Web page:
Jordan Zimmermann fires in his next-to-last game of the season. (C.Nichols/Nats News Network)

Jordan Zimmermann has been the Washington Nationals best starter this season.  Heck, he's been one of the best starters in the National League.  But lack of run support -- a common theme for most of the Nats starting pitchers -- has kept his win-loss record under .500.

But a closer examination of some very rudimentary statistics shows us that the Nats actually have a winning percentage of .542 when Zimmermann starts a ball game.

It's an interesting phenomenon.  Another is the amount of runs each starting pitcher for the Nationals receive when they start a game.  The Nationals average 3.9 runs per game (RPG), tenth in the N.L., despite being next-to-last in the league in on base percentage.  That's actually being moderately efficient (or lucky) cashing in base runners. 

However, of the Nats five most frequent starting pitchers this season, four of them receive less than the team's RPG in average run support per start (RPG/GS).  Zimmermann and Tom Gorzelanny each get about 3.4 runs per game per start.  John Lannan isn't much better at 3.7 RPG/GS, and Livan Hernandez just a tick higher than that at 3.8 RPG/GS.  So it's not just Zimmermann who is suffering from the lack of run support, it's just about any starter that's taken the mound this season.

Except one.  Only the now-departed Jason Marquis got any run support at all from the Nats hitters, at a whopping 5.5 RPG/GS.

Is it any wonder why Marquis is the only one of the five to currently have a winning record?

All of this is a preface to the story of last night's game.  Jordan Zimmermann once again pitched fabulously through six shutout innings, allowing just three hits, one walk and one hit by pitch (more on that later).  The problem was, the Arizona Diamondbacks' Ian Kennedy was just as effective as Zimmermann, shutting out the Nats over the same time period.

In the bottom of the sixth, the Nats got something going.  Jayson Werth (2-for-4) singled to lead off and went to second on a sacrifice by the team's second leading home run hitter, Danny Espinosa. Laynce Nix then walked to put two on with one out.  Wilson Ramos came to the plate with Zimmermann's spot on deck, and manager Davey Johnson sent Jonny Gomes to the on deck circle and would have batter should Ramos have reached -- or only made one out.

Unfortunately, Ramos grounded into a 5-4-3 double play, ending the Nats threat.  And whether it was the delay, the pitch count, or a lack of focus upon returning to the mound, Zimmermann was not the same pitcher in the top of the seventh. 

After getting Chris Young down 1-2 in the count, Zimmermann walked the free swinger with three straight balls, prompting a visit from pitching coach Steve McCatty.  On the very next pitch, his 108th and most ever in a Major League game, third baseman Sean Burroughs broke the tie, clobbering a 92-MPH fastball into the home bullpen.  It was Burroughs' first home run since -- no joke -- 2005.  After giving up a double to Kennedy on the next pitch, Zimemrmann was done.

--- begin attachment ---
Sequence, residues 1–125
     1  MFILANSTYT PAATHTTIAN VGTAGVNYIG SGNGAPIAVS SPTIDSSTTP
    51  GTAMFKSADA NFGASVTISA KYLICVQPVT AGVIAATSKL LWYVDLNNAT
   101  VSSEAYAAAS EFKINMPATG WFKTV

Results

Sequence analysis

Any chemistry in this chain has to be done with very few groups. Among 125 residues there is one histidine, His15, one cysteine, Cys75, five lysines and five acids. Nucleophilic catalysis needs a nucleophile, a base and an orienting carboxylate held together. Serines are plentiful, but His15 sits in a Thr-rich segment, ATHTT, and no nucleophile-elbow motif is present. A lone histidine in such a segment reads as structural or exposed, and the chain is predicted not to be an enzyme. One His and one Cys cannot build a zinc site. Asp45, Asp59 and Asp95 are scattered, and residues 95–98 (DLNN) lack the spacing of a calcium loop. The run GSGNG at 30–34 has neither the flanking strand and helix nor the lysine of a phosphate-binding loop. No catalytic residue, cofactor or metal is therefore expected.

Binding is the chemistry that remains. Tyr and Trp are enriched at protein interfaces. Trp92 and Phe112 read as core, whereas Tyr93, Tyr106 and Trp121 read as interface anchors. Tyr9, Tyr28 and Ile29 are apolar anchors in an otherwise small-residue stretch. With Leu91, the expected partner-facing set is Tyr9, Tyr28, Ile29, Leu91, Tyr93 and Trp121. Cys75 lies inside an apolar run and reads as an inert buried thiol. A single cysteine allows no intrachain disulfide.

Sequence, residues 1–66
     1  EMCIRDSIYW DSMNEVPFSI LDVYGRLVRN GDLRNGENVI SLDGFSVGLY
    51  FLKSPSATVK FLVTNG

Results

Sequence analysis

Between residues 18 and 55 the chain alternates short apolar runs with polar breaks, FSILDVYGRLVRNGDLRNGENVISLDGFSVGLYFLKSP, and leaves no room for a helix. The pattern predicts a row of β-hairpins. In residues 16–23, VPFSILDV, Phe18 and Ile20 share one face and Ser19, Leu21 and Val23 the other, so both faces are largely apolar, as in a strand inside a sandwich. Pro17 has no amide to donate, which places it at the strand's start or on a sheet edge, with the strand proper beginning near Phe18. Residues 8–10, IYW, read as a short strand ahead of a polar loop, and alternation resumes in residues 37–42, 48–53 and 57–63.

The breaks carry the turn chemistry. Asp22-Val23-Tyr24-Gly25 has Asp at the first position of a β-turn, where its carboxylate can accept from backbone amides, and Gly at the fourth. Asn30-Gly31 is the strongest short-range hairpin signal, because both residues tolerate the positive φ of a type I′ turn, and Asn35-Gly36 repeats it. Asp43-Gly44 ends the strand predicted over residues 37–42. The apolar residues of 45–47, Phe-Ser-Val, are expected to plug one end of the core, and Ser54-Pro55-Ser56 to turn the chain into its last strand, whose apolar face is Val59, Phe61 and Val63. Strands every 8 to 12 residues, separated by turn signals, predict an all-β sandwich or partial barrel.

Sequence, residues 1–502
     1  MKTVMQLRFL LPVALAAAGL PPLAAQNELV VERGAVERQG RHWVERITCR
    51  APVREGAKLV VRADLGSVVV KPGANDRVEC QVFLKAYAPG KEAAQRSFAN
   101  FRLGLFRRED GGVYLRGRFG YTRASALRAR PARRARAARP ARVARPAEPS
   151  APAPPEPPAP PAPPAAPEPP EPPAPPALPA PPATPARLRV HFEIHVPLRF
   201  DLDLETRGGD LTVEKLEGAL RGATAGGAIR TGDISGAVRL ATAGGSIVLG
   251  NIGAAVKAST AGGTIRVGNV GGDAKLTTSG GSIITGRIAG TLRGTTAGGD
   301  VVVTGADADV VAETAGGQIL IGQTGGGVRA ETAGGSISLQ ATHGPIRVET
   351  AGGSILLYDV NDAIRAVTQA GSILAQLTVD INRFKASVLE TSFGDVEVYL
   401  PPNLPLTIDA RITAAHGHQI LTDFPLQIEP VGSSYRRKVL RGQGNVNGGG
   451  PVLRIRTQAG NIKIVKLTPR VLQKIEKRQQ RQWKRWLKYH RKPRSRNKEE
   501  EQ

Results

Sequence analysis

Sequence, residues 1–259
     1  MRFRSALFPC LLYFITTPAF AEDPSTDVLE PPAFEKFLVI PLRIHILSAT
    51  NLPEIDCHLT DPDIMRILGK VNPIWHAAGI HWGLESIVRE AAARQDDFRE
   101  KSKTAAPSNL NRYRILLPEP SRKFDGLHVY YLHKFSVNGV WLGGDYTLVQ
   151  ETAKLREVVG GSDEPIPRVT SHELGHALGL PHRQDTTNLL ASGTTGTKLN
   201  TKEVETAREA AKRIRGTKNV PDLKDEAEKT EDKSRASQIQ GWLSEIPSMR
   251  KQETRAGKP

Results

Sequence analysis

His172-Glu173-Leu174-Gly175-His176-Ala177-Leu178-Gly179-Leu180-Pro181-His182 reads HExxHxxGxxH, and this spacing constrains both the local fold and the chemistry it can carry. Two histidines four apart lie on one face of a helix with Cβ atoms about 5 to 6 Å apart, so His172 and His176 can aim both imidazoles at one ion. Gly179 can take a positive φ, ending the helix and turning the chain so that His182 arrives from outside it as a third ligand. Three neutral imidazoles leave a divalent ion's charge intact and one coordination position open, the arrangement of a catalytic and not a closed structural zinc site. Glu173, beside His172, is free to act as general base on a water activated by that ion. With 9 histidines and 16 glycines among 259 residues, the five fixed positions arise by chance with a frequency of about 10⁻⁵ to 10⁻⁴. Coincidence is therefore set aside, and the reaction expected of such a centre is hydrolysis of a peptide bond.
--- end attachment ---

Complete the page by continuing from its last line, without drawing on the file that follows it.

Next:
"He probably maybe tuned out, we had the bases loaded and I was going to pinch-hit for him.  And then we hit into the double play," Johnson explained.  "And so I wanted to give him one more inning. I don't know if it's the magic number -- I don't it's the magic number of 100 [pitches] -- but I want to give him every opportunity to win the ball game.  I figured one more inning, get a chance to score."

The Nats never did get another chance to score, getting set down in order in each of the seventh, eighth and ninth innings in order.

So in Zimmermann's 11th loss, in his next-to-last start of the season, his run support per game average will go down a little bit more.  It's just one more piece of evidence to prove that a staring pitcher's win-loss record is a pretty crummy way to evaluate how effective a pitcher they are.  They used to call this phenomenon pitching in "hard luck." But it has nothing to do with luck, and more with a fundamental lack of scoring for a team that has been plagued by that problem all season long.

THE GOOD:  Zimmermann went 6 1/3 innings, allowing two earned runs on five hits and two walks, striking out four.

THE BAD:  Michael Morse went 0-for-3 with a strikeout with the bases loaded and four left on base.

THE UGLY:  0-for-7 with runners in scoring position.

THE STATS:  Six hits, two walks, 10 strikeouts.  0-for-7 w/RISP, eight LOB, one GIDP. No errors.

NEXT GAME:  Wednesday at 7:05 against the Diamondbacks.  Livan Hernandez (7-11, 4.34) faces Daniel Hudson (12-9, 3.83).

NATS NOTES:  Zimmermann hit Justin Upton in the fourth inning, the fifth time this season the Nats have hit Upton.  Upton "reacted poorly," according to Johnson, slamming his bat down and staring at Zimmermann all the way down to first base.  Kennedy hit Morse in the next inning and both benches were warned.  Upton later left the game nursing the sore elbow.

Jayson Werth also left the game with a mild hip/groin strain, suffered chasing Kennedy's double into the corner.  He will be re-evaluated Wednesday morning but it is not believed to be serious.

The Nationals introduced their top three draft picks, 3B Anthony Rendon, RHP Alex Meyer and CF Brian Goodwin before the game.

All photos C.Nichols/Nats News Network